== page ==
- Tree Frogs have sticky pads or suction like disks on the tips of their fingers and toes which aid in climbing.
- What do you call a group of frogs? An "ARMY" of Frogs.
- What do you call a groups of Toads? A" KNOT" of Toads.
- Humans get warts from viruses, not from frogs and toads.
- The longest lifespan known for a frog is 40 years.
- The largest salmon on record is a Chinook salmon that weighed 57 kilograms.
- When salmon are swimming upstream, they can jump 2 metres into the air!
- A female salmon can lay up to 6,000 eggs in one nest.
- Salmon return to streams to spawn by swimming upstream. During this time, they don't eat any food at all.
- The longest known trip ever taken by a salmon was a Chinook salmon that traveled 3,845 km upstream to spas.
Did You Know?
- When you visit a pharmacist, one in every four purchases will have come from a tropical forest.
- Energy saved from one recycled aluminum can will operate a TV set for 3 hours, and is equivalent to half a can of gasoline.
- In 2 weeks, Americans throw enough glass bottles and jars out to fill up what were the Twin Towers in New York City.
- Paper cups consume trees, water, and chemicals, and dump them into streams and landfills- they are not recyclable. Don't leave home without a reusable mug.
- One ton of carbon dioxide that is released in the air can be prevented by replacing every 75 watt light bulb with energy efficient bulbs.
- A full bus carrying 60 people removes about 40 cars from the road, saving 100,000 Litres of fuel and 18 tonnes of air pollution per year.
- Homeowners use up to 10 times more toxic chemicals per acre than farmers.
- If just 25 % of US families used 10 fewer plastic bags a month, we would save using over 2.5 Billion bags a year.
- Seventy-three different kinds of pesticides have been found in groundwater, which is potential drinking water.
- 15% of Canadian Energy use goes to heating our homes- mainly from non-renewable sources.
- It take several thousand years for a computer monitor to decompose in a landfill.
- Every year some 45,000 tons of plastic waste are dumped into the world's oceans. One of the results of this is that up to one million seabirds and one hundred thousand marine mammals are killed each year by plastic trash such as fishing gear, six-pack yokes, sandwich bags, and Styrofoam cups.
- 30% of our water is wasted through leakage.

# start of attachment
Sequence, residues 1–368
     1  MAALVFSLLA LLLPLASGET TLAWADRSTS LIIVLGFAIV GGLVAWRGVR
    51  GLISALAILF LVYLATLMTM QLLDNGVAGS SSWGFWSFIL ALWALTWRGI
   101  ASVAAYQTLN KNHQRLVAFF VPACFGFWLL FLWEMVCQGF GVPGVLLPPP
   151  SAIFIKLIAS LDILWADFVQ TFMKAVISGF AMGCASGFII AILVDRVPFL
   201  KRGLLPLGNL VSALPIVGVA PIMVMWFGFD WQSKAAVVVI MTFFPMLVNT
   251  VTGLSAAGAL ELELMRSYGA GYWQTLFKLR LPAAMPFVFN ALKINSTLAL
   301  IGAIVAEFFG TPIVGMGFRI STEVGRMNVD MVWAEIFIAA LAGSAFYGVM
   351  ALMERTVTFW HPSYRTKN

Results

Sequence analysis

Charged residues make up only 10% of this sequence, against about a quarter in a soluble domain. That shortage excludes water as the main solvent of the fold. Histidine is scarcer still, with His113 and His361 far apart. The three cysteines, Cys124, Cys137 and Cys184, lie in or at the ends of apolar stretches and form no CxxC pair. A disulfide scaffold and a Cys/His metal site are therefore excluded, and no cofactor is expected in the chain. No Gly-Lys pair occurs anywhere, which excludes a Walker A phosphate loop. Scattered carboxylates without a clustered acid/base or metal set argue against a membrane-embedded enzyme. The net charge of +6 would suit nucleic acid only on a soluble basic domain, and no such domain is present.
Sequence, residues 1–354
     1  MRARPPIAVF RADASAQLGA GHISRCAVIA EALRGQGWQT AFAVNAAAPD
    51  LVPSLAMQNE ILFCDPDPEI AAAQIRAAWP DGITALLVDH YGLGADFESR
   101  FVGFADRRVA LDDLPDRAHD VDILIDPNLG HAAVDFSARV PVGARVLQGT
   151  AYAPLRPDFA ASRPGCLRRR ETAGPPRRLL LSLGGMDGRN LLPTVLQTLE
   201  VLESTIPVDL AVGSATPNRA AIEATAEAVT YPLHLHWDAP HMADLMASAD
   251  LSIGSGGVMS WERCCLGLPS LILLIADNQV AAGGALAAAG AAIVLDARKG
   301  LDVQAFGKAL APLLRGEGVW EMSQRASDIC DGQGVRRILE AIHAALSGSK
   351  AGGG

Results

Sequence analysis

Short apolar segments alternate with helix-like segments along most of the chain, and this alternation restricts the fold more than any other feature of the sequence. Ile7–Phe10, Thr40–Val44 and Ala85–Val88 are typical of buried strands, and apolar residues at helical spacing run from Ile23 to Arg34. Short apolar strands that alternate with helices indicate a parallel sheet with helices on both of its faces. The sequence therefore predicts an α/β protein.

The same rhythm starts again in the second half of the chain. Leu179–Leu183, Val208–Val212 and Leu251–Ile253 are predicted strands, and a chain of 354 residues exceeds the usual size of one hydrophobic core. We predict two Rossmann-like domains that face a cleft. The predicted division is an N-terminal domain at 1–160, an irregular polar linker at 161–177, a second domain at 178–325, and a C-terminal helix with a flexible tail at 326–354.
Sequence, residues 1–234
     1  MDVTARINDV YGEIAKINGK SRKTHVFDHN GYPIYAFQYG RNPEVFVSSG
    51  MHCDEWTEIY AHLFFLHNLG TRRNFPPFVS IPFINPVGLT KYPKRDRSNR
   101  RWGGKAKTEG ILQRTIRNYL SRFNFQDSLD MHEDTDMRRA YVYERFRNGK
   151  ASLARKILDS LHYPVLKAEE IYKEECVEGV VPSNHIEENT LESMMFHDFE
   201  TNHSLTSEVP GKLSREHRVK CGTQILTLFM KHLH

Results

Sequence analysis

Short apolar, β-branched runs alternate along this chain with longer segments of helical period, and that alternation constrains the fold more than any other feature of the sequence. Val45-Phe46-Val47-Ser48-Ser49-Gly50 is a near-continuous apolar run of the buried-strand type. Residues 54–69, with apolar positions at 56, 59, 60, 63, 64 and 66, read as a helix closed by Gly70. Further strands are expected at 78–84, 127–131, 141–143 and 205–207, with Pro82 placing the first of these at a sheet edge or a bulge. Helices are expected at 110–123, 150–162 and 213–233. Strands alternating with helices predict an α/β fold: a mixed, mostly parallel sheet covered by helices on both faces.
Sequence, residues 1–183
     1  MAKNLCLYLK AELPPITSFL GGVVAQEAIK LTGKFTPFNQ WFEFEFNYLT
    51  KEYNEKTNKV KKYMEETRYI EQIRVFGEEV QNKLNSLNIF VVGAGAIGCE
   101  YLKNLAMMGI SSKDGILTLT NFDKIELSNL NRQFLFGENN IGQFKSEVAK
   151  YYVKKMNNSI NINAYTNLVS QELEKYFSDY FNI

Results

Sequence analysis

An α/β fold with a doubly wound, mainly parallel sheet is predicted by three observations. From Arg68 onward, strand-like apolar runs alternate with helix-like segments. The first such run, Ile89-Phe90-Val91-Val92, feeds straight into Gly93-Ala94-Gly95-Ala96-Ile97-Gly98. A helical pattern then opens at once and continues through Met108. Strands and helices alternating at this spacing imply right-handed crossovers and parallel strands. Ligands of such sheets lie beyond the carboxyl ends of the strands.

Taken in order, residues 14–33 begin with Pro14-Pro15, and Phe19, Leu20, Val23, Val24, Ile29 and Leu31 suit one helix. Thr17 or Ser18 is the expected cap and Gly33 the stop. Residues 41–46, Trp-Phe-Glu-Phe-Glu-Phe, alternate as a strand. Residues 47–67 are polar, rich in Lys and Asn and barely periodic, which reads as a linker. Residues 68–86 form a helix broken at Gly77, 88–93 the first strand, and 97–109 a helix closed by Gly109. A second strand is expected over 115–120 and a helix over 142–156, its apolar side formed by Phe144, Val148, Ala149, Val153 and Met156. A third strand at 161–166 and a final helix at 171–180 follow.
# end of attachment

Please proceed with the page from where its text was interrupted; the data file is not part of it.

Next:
- North Americans throw away 2.5 million plastic bottles every hour.
NWPS had added this page to our website to educate the public about the waste in our world. We encourage you to think about the consequences to our wildlife and their ecosystems (and us too!) that result from our habits. Please click on the link below to see suggestions we have for reducing your impact on our world.
- Walk, bike or take transit to work.
- Bring cloth bags or reuse shopping bags when grocery shopping.
- Pack school or work lunches in reusable plastic containers.
- Reuse the backside of paper for scrap paper.
- Refill water bottles at home and use them again instead of buying new bottled water.
- Turn off the tap while brushing your teeth!
- Use cloth napkins instead of paper napkins.
- Make a sign for your mail box requesting that 'Junk Mail' not be delivered.
- Put up bird boxes and bat boxes around your home so that animals have a safe place to live.
- Secure lids on trash cans so that wildlife can't get into the garbage!
- Turn off the lights when you leave a room.
- Turn down the thermostat at night and when you leave home.
- Do not use fertilizers on your lawn.
- Don't dump anything down storm drains!
- Never feed wild animals 'human food' like popcorn and bread!
- Use old newspaper to clean windows instead of paper towel.
- Recycle plastic, glass and cardboard and buy products made from recycled materials.
- Carpool to work. You can talk to your friends and avoid traffic.
Species Fun Facts
Here are some facts about a number of wildlife species:
- Arctic Fox
- Barn Owl
- Barred Owl
- Bighorn Sheep
- Black Bear
- Blue Whale
- Canada Goose
- Canada Lynx
- Clarks Nutcracker
- Common Dolphin
- Dall´s Sheep
- Douglas Squirrel
- Great Blue Heron
- Great Grey Owl
- Great Basin Gopher Snake
- Grey Whale
- Harbour Seal
- Leatherback Sea Turtle
- Little Brown Bat
- Marbled Godwit
- Mountain Goat
- Northern Flying Squirrel
- Northern Sea Lion
- Oregon Spotted Frog
- Pacific Giant Salamander
- Pacific Tree Frog
- Painted Turtle
- Pallid Bat
- Peregrine Falcon
- Pileated Woodpecker
- Ruffed Grouse
- Sandhill Crane
- Sea Otter
- Snowy Owl
- Spotted Bat
- Tailed Frog
- Townsend´s Mole
- Vancouver Island Marmot
- Western Grebe
- Wood Duck
Wolves of B.C.
The wolf, the largest wild dog in the world, stands up to 90 cm at the shoulder and can weigh up to 54.5 kg. Its pelt can be any colour from black to white or a mix. Very social animals, wolves live in packs of two or more, with some packs having up to 30. Wolves communicate within packs and between packs through body language, vocalizations, and scent markings. In B.C., prey includes deer, elk, caribou, moose, bison, and a range of other mammals. Hunting success is in the order of 10% - a wolf's lifestyle is one of feast or famine.